Arts & Culture
Taking chances, taking action
A curator’s statement about Walk On By and the Corridor Project.
Published: September 5, 2012
The I-4 Corridor between Tampa and Orlando has become known as the deciding vote in national elections, due to the high number of Central Florida voters on the fence about where they stand. The corridor has been described as a representation of the most typical demographic in America. But why are so many people in our area undecided? A knee-jerk response is that many are uninformed or apathetic. Another possibility is that the possibilities given to us are often tried, but often don't feel so true, or are just uninteresting.
Before I say anything else, I would like to note that this discussion is not leading into political commentary, nor is this project explicitly concerned with politics.
For the past few years I've discussed the idea of putting together a contemporary art museum without a fixed location, a series of site-specific works located in pop-up facilities using empty storefronts or public spaces. I hear about museums not being able to bring in the shows they want because of the expense. Maybe expensive buildings and high overhead are out of step with a struggling economy; certainly the bureaucracy of public art can be frustrating to the viewer and the artist.
I've spent years of my life in other cities and countries. The thing that makes most cities interesting is great planning combined with the barely planned – spontaneity, mistakes, surprises and real grass-roots efforts. Orlando, you must take more chances. It's a family place? Well, guess what: There are adults in most families. Please, no more lizard art. We need to quit being the no-hair-out-of-place, offend-no-one community. Who wants to hang out with people who are too eager to please? I love Orlando, but I want us to quit dumbing down.
I decided to take action in the form of the Corridor Project. The Corridor Project's first show, Walk On By, was set up in the middle of the night on heavily trafficked streets. On your way to work, you might see a sculpture, installation or mural, or a performance by a church choir, some schoolkids or Phil Longo; you might zip past something akin to the 1990s Flaming Lips tape experiments and think, "What the hell is going on?" Or you may be texting, eating breakfast or doing something that distracts you, and not see anything. But I hope you do.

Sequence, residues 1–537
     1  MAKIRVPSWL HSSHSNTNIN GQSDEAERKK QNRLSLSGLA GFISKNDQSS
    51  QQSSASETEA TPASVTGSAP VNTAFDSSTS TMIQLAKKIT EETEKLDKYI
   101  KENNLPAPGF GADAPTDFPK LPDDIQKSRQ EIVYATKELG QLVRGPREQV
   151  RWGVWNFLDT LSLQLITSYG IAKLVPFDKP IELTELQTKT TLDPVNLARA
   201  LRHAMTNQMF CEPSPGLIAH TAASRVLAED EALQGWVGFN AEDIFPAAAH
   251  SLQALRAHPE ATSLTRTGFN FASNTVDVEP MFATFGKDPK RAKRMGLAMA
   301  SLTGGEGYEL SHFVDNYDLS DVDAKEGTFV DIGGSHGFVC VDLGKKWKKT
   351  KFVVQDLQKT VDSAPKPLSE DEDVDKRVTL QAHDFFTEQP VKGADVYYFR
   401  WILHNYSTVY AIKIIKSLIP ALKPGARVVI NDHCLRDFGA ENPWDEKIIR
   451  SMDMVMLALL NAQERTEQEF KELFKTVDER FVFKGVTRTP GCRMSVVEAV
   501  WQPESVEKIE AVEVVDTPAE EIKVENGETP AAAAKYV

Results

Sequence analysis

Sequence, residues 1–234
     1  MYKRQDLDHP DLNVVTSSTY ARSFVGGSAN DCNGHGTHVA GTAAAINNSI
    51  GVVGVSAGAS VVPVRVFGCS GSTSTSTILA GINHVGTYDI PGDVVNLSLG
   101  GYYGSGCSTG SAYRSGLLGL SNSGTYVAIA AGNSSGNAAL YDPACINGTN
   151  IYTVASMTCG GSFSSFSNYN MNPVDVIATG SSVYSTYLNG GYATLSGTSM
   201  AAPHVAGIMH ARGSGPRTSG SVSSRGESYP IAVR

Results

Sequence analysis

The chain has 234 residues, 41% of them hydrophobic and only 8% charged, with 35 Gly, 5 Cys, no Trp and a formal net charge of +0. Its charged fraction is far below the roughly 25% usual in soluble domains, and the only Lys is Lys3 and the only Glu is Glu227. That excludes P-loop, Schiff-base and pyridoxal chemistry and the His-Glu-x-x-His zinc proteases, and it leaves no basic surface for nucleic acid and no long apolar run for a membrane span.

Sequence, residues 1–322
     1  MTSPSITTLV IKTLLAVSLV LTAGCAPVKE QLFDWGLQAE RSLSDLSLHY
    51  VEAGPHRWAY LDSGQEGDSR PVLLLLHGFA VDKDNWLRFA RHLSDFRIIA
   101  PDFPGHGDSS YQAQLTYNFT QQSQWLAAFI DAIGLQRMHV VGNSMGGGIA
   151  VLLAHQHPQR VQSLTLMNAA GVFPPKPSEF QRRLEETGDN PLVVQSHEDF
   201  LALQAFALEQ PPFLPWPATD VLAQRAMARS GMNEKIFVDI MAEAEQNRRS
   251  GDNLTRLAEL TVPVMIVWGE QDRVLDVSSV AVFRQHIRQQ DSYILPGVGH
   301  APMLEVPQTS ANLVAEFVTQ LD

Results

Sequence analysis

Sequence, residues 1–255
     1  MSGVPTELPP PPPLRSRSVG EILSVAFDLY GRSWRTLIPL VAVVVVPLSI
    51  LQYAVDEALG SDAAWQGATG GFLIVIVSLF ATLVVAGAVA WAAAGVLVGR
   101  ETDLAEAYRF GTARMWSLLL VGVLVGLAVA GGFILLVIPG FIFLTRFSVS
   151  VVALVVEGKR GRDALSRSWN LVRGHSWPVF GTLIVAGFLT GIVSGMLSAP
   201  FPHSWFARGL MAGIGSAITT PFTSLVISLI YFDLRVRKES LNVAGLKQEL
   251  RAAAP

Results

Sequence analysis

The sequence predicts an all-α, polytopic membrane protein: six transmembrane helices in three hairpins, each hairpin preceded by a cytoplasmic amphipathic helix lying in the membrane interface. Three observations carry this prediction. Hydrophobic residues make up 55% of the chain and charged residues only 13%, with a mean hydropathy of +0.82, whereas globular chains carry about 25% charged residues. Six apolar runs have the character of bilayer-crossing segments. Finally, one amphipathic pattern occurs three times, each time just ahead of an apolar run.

A conceptual artist, freelance writer, musician, promoter and currently director of programming at Urban ReThink: Pat Greene is a project addict, interested in considering the bigger picture versus specializing in one specific area. He has shown his art at University of Florida, Rollins' Cornell Fine Arts Museum, Maitland Art Center, Bemis Center for Contemporary Arts in Omaha, Neb., and many other places. He has lectured at the Cornell, Bemis Center and UCF, and participated as an associate artist at Atlantic Center for the Arts in 2001, working with art critic Richard Kostelanetz. In 2004 he ran for mayor of Orlando as a write-in candidate; his slogan was "I don't want to talk about it." He is talking about it now. He has big dreams for Orlando.
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